Dr. Thomas Grau, Head of Anaesthesia, Surgery, Intensive Care, Emergency Medicine and Pain at the Gütersloh Clinic, first studied ultrasound for a PhD on spinal imaging at Heidelberg University Hospital in the 1990s. 25 years on, he reflects on the role point-of-care ultrasound now plays in anaesthesia.
"My first encounters with ultrasound were guided by efforts in Heidelberg to improve epidural anaesthesia in obstetrics. We identified that using point-of-care ultrasound to guide the needles could potentially help doctors to implement more effective epidurals more quickly, and might also reduce the complications that resulted from dural perforations. At the time, visualisation of this area was very superficial; there was very limited knowledge and the first thing we had to do was work on the ‘sono-topography’ of the spine. To begin with this was quite difficult, because the spine is surrounded by a lot of calcified structures and this creates a huge number of artefacts. Image quality was also not as good as it is now. However, we compared ultrasound images to CT and MRI, and were able to carry out some examinations on children, because they have less calcification and gave us better visualisation, and developed useful guidelines for scanning the spine and specifically the epidural and intrathecal spaces. At the same time, we were working closely with a well-renowned group in Vienna – led by Peter Marhofer and Stephan Kapral – who had already worked on and implemented methods for peripheral nerve blocks, such as ultrasound guided supraclavicular blocks.
After Heidelberg, I had further opportunities to develop my skills in regional anaesthesia and implement more ideas for puncture techniques and pain control as one of the senior consultants at Europe’s biggest trauma healthcare centre, the University Hospital of Bergmannsheil in Bochum. The structure of this hospital has been very much influenced by its role in Germany’s employers’ liability association. This unique insurance system ensures that anyone injured as a result of their profession gets intensive treatment to compensate for their injury. The insurance goes some way to covering their loss of earnings, and hopefully helps them return to work as soon as possible. The higher level of funding available through this system ensures excellent surgical standards. From an anaesthetics point of view, this has meant a quite distinct, differentiated approach to treating acute and chronic pain and to improve mobility and mobilisation of injured patients, an approach that I have since adopted in my new post as head of anaesthesia department in Gütersloh.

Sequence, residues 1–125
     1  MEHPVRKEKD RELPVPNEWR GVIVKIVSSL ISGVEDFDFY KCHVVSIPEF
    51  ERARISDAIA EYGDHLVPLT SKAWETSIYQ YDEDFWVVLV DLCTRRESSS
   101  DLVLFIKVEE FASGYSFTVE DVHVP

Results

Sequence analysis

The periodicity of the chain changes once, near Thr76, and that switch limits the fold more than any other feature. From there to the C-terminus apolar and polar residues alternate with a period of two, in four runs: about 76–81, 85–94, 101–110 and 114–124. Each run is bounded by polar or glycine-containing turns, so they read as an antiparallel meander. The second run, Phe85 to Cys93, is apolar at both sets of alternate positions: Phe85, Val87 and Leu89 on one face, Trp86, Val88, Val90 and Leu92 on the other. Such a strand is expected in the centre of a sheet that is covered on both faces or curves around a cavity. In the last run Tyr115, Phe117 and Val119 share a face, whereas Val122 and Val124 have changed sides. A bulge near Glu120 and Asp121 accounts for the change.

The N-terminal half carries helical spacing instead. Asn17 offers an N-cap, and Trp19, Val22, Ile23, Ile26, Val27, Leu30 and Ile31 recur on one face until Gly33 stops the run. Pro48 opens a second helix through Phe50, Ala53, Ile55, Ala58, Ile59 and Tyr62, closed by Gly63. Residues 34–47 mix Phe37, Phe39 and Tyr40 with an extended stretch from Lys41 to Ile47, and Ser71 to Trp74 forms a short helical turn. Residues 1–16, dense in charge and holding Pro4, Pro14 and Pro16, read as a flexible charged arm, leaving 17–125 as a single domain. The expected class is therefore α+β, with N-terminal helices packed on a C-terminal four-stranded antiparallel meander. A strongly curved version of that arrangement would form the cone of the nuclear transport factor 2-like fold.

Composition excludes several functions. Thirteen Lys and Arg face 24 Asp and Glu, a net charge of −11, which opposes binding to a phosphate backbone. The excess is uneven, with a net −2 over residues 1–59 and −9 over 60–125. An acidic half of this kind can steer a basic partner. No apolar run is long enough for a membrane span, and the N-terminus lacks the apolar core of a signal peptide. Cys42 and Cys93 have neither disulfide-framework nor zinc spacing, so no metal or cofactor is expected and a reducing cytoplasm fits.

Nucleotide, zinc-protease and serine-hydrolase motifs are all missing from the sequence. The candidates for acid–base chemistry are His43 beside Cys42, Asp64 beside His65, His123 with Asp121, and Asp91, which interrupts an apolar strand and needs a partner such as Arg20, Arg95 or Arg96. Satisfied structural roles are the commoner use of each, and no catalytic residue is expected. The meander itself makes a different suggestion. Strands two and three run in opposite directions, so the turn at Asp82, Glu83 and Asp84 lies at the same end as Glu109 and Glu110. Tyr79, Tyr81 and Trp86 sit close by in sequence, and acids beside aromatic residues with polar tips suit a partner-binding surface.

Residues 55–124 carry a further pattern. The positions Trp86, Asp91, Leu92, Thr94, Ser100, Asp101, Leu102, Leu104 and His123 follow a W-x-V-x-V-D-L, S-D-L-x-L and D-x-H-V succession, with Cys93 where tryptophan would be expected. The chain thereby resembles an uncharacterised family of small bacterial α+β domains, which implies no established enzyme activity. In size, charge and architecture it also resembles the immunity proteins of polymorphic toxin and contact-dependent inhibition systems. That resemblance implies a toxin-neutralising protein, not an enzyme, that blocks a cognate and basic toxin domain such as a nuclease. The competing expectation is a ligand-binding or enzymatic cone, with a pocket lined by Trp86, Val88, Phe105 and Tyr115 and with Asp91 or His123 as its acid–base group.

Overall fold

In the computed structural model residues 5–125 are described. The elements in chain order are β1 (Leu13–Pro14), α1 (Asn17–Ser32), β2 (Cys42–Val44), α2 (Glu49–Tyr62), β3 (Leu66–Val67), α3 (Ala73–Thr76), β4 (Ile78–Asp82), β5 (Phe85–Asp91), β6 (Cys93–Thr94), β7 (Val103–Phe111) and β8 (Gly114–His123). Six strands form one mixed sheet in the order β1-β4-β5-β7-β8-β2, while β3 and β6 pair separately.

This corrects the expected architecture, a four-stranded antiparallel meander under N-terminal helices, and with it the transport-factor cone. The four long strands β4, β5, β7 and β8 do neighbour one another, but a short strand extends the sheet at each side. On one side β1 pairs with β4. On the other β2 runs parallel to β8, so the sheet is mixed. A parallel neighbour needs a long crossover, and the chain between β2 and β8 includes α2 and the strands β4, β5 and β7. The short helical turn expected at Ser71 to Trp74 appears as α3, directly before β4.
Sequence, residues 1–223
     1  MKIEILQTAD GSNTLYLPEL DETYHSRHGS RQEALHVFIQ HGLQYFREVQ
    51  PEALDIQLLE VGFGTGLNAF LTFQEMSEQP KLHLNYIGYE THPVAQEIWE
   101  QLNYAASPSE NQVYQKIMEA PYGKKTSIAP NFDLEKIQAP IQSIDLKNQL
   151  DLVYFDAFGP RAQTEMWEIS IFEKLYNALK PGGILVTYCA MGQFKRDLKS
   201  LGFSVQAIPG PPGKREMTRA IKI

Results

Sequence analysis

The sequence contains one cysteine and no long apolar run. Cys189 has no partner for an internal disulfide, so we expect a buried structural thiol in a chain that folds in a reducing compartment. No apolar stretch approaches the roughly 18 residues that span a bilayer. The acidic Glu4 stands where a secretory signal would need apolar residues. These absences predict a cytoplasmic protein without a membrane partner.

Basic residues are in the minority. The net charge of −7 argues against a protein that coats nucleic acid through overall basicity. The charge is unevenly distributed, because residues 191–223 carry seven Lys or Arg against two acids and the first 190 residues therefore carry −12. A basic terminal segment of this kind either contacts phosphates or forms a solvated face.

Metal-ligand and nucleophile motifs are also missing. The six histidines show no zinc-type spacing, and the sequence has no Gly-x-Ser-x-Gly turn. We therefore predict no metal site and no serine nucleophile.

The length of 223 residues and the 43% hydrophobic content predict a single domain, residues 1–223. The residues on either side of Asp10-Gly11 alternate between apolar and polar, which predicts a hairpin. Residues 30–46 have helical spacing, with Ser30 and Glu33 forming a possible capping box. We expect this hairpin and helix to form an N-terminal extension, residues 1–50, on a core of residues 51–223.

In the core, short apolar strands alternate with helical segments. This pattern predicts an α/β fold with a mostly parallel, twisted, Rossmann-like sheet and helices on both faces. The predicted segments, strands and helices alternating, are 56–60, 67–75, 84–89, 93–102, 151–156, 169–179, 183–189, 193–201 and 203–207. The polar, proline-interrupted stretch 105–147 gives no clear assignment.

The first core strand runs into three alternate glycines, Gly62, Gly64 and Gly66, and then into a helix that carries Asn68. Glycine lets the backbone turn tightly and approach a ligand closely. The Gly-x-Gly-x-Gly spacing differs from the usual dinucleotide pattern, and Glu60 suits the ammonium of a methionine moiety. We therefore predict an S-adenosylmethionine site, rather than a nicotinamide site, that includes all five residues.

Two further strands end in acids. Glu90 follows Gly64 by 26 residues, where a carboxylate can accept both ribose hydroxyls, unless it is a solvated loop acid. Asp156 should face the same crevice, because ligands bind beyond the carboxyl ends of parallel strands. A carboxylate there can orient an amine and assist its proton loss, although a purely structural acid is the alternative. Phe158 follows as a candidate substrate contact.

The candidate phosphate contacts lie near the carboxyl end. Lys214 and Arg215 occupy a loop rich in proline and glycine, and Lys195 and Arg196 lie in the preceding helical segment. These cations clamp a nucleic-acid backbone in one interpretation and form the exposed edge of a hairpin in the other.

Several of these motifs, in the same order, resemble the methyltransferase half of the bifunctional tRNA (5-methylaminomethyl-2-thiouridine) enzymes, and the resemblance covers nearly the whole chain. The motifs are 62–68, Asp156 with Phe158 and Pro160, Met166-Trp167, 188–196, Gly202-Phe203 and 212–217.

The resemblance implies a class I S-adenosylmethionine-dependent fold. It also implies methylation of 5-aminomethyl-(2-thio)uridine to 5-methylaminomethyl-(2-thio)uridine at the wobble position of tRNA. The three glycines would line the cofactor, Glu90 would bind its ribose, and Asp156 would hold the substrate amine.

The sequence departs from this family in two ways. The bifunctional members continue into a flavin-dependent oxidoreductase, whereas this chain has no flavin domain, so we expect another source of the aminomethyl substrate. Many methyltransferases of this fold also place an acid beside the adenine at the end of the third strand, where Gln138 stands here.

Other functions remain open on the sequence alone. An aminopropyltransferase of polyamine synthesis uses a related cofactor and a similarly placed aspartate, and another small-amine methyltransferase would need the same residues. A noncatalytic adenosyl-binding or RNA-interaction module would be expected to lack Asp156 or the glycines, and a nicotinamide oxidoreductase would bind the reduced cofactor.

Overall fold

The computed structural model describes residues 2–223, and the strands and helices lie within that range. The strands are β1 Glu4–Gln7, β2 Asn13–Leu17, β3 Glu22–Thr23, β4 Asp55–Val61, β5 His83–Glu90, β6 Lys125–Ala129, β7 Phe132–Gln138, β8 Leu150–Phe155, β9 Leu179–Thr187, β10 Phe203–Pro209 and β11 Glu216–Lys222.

I have now been in Gütersloh for six years and, on a personal level, one of the main reasons I moved here was the opportunity to work on a diverse range of anaesthesia and intensive care cases, a contrast from the specialist trauma centre at Bochum. Gütersloh is a medium-sized hospital of around 500 beds – 220 surgical beds, then another 270 beds for conservative medicine – covering a wide range of surgical specialties, including abdominal, thoracic, orthopaedics, emergency care, vascular, plastic surgery and reconstruction, gynaecology and urology. We perform about 11,000 anaesthesia procedures a year, for surgery, intensive care, emergency medicine, and have recently implemented chronic pain services in our treatment protocols. When I first came to Gütersloh, the team there was not entirely comfortable with using point-of-care ultrasound to guide regional anaesthesia or as a diagnostic tool. We started to build confidence by using ultrasound guidance for placing central lines and then some relatively easy peripheral nerve blocks – interscalene and femoral. Doctors and managers soon saw that this technique was far quicker and safer for the patients, and cost effective too, so we developed a training initiative based very much on the courses I had previously run in Heidelberg and Bochum.